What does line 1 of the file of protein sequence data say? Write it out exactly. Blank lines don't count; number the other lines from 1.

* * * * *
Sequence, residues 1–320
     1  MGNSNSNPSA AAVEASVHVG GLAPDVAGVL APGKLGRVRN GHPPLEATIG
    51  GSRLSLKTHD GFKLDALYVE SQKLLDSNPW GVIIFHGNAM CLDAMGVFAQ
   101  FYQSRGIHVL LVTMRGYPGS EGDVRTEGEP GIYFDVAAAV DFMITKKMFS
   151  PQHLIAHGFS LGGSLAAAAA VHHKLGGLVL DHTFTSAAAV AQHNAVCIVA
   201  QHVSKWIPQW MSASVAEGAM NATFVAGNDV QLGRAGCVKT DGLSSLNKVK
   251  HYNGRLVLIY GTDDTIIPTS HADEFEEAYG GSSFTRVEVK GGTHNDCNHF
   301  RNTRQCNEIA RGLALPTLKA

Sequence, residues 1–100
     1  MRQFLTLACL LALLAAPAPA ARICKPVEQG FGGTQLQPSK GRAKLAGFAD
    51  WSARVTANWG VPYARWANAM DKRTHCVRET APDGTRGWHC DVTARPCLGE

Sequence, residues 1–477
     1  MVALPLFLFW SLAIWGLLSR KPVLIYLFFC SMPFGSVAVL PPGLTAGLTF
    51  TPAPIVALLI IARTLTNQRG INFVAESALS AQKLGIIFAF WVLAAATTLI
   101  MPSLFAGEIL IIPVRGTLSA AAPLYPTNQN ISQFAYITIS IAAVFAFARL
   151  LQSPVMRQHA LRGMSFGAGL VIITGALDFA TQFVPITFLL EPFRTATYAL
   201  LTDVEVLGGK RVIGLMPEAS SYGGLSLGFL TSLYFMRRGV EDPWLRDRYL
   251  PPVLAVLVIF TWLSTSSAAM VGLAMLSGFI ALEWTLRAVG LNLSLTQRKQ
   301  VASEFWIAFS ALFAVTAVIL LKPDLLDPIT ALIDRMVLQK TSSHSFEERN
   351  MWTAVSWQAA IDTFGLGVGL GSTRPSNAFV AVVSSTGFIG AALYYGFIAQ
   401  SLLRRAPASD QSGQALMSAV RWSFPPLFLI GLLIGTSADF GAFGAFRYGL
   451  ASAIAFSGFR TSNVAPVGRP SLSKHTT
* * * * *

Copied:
Sequence, residues 1–320